Barcelona Songbook


The musical sources that have come down to us from the Renaissance are mostly collections of polyphonic songs, works that collect the repertoire of the time and that bear witness to the confluence of several cultures. Well-known songbooks include those associated with the Palacio, with the Duke of Calabria (also called the Uppsala Songbook), with Montecasino, and, in this case, with Barcelona. Cançoner de Barcelona (Songbook of Barcelona), manuscript M 454 in the Biblioteca de Catalunya, is the most important Renaissance musical source from the court of Aragon and one of the most prominent repertoires of the musical heritage of Europe. Its 190 sheets contain about 127 religious and secular compositions by Catalan, Spanish, and Franco-Flemish composers from the late 15th to the mid-16th centuries. These composers include Francisco de Peñalosa, Antoine de Févin, Jean Mouton, Johannes Martini, Gaspar van Weerbeke, Mateo Flecha, Johannes Ockeghem, Juan de Anchieta, Antoine de Busnoys (or Busnois), Noel Bauldeweyn, Cubells, Alonso de Mondéjar, Jacob Obrecht, Johannes Ghiselin-Verbonet, Lope de Baena, Josquin des Prez, Loyset Compère, Johannes Wreede (Juan de Urrede), Quexada (or Quixada), Clément Janequin, Nicolaus Craen, Cristóbal de Morales, Juan del Encina, and Pedro de Pastrana. Barcelona was the entry point for musicians coming to the Iberian Peninsula, and visits by musical chapels – such as that by the Holy Roman Emperor Charles V (1519−56) – contributed to the presence of the Franco-Flemish repertoire in Catalonia. More than 30 copysts took part in the compilation of the Cançoner de Barcelona. Interestingly, the book was enlarged from the central core to the outside part. The binding is made of wood, covered by leather with metallic fasteners. In the middle of 20th century, the manuscript was restored to counter the effects of the ink on the paper. Several hands were involved in writing the sheets included here. The work came to the Biblioteca de Catalunya in the collection of the bibliophile Joan Carreras i Dagas (1828–1900). The musicologist Felip Pedrell (1841−1922) assigned the number 961 to it and described it in the second volume of the library catalogue, published in 1909.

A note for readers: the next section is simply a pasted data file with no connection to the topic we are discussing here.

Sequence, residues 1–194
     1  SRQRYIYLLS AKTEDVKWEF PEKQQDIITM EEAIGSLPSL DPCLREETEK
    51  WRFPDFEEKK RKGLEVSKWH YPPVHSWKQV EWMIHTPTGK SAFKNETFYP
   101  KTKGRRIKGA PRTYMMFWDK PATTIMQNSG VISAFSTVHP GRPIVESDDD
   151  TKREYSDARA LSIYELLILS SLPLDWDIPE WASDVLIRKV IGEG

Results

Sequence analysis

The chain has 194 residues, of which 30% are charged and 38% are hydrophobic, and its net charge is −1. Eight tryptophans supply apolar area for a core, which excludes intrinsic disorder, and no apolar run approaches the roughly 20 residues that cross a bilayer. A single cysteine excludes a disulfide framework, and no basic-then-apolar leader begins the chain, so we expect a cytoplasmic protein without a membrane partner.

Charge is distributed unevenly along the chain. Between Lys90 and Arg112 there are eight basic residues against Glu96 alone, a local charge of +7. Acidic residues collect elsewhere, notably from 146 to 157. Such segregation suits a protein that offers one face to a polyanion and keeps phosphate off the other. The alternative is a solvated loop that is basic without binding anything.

Last updated: January 13, 2015